Summer 2002 Issue 41
This is probably my last editorial for the Conservation Journal. The notion that the Head of the Conservation Department should write the introduction for each issue started with the first number in 1991. Thirty of the subsequent forty editorials have been written by the Head of Department. Since I have given up that position, it seems reasonable that I should be relieved of the burden of having to think of something to say that is succinct, topical and relevant to the subjects of the articles. The theme of this issue is outreach, and the following contributions describe a few examples of the many ways in which the Department interacts with people who are not members of the Museum staff. The Journal is itself a very successful and cost-effective way of reaching thousands of people around the world. Despite a couple of false starts, we are now very close to making the Journal available on the Web which will further increase its readership and our outreach.
The management restructuring at the V&A, which began three years ago, places the Conservation Department in an organisational grouping of departments whose joint remit is to provide the necessary services that will ensure the delivery of major projects designed to enhance the visitor experience. This renewed emphasis on delivery of gallery and exhibition projects makes it more important to stress that there are ongoing demands from outside the Museum for the skills and expertise of the conservation staff of a National Museum. The Conservation Press is full of encouragement to develop public awareness and public involvement. The criteria for the Conservation Awards make active participation with people other than curators of the conserved object a specific requirement. Yet the number of Museum projects continues to increase and the number of in-house conservation staff continues to decrease. It is far from certain that conservators will feel empowered to develop and strengthen links with interest groups outside the Museum when the pressure of successive deadlines forces them to use up the time they had set aside for this.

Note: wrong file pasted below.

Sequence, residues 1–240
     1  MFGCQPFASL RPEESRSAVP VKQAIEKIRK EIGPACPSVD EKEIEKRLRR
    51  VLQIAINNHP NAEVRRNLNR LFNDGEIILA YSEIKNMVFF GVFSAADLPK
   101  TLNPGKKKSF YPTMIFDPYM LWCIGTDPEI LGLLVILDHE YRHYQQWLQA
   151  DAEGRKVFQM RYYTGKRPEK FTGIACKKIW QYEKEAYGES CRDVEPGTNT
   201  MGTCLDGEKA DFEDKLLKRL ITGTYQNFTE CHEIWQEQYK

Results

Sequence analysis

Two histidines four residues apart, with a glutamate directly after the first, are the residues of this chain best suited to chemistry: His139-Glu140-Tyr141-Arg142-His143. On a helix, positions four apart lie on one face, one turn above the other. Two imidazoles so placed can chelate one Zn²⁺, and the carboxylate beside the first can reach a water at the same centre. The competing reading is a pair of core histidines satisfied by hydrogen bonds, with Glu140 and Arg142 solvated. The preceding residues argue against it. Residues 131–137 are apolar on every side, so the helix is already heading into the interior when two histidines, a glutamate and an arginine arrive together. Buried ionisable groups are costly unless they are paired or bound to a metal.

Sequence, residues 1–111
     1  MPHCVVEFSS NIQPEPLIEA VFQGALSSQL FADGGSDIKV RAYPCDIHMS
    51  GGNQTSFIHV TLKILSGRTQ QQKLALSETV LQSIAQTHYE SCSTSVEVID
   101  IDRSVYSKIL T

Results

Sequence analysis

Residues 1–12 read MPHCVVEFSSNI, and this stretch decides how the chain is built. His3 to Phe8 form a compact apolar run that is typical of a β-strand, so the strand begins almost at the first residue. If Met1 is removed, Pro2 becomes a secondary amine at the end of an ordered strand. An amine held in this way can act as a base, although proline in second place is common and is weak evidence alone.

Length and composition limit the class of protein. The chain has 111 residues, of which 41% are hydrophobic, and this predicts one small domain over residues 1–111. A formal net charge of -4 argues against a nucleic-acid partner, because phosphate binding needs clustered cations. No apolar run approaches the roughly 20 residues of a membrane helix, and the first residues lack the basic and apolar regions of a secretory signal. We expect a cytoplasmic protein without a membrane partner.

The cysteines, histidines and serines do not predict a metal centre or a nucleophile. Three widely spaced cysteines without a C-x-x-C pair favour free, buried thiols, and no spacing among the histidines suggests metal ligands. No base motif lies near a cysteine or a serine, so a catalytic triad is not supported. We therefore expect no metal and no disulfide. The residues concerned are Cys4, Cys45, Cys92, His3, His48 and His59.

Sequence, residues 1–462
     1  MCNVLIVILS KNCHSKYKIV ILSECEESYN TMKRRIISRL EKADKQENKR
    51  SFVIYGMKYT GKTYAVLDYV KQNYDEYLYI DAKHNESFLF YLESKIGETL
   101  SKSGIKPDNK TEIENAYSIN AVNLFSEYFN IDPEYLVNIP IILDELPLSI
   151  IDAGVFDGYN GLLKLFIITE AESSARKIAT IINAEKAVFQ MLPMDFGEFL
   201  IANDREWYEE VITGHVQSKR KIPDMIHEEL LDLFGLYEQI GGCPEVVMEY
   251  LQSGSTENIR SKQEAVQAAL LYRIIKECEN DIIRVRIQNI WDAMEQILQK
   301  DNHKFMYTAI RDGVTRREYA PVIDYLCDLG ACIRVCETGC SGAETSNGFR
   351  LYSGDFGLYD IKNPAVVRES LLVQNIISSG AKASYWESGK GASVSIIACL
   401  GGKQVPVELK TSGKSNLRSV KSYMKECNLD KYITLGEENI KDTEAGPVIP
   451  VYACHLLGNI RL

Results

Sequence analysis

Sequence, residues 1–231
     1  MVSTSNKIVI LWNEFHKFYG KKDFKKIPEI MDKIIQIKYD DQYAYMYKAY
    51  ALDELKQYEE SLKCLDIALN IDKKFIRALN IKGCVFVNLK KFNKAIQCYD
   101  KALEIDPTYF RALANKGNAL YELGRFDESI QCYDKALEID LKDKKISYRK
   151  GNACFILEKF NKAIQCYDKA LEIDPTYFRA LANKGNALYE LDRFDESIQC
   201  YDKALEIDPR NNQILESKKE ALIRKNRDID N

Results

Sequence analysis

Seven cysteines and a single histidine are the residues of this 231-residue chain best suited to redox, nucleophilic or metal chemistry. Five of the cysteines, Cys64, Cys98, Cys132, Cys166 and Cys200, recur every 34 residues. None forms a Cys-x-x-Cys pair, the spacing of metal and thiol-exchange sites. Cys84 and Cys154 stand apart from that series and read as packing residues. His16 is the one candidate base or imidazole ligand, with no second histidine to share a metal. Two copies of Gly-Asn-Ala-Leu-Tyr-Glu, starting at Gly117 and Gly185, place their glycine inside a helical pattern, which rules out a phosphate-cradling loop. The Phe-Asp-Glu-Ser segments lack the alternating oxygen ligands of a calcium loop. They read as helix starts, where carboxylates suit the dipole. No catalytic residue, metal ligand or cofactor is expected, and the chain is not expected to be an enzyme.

I have negotiated my own personal way of achieving greater outreach. After nearly twenty five years as Head of the Conservation Department I have moved to the Research Department at the V&A. My obligations there are to write and to teach. I have a book to write and have teaching assignments in Europe and beyond. I will write articles for future issues of this Journal. So I should be able to contribute to the variety of ways in which Conservation at the V&A reaches the widest possible audience.